Embodied Psychotherapy: A Critique of the Mind-Body Problem
This dissertation explores the enduring confusion in the field of psychology concerning the material body. After delineating the problems with how the body is currently appropriated within the field of psychotherapy, three current conceptualizations of the body in psychology were reviewed and critiqued, namely body image theory, cognitive science, and body psychotherapy; these critiques of conceptualizations of the body illustrated significant limitations in the understanding of and value given to the body. Continuing on, Perrin Elisha’s The Conscious Body and her articulation of the various solutions to the mind–body problem were utilized, pointing to the need for a cohesive metatheoretical framework for appropriating the body in psychotherapy. Finally, a working metatheory based on the theory of embodied cognition was detailed, with the goal of providing a scaffold for clinicians to understand, conceptualize, and approach the body in a way that offers space for the body to possess value, validity, and a language.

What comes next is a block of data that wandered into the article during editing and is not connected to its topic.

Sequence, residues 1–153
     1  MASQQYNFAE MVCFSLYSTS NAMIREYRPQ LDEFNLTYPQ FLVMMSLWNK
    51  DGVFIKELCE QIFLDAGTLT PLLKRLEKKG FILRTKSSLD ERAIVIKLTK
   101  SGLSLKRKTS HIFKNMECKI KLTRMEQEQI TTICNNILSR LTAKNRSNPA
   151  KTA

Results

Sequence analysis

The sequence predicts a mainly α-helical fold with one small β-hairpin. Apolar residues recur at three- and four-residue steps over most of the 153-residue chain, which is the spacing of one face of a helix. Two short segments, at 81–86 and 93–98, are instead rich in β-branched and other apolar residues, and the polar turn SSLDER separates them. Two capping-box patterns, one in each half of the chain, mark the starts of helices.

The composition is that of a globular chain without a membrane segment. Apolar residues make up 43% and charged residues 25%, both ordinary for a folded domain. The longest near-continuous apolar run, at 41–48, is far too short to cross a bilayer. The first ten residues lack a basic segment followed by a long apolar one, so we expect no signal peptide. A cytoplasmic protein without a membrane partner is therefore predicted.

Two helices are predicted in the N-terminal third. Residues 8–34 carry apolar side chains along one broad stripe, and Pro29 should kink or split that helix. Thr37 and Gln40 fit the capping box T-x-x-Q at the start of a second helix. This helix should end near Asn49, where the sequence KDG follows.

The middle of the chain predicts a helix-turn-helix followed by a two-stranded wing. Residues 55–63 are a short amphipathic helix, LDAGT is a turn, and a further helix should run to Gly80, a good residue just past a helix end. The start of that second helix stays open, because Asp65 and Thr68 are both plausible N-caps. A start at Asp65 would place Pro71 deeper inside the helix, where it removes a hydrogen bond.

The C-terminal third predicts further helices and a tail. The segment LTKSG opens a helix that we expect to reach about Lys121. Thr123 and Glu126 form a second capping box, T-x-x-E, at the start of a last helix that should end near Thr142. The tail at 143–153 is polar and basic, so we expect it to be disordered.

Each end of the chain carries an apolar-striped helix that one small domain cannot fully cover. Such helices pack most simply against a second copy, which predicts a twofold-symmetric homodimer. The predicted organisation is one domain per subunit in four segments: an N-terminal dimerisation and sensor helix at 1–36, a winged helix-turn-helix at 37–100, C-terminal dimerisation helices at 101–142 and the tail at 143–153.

Doctor of Philosophy in Clinical Psychology (PhD)
Clements, Mari L.
Mind and body, Mind and body therapies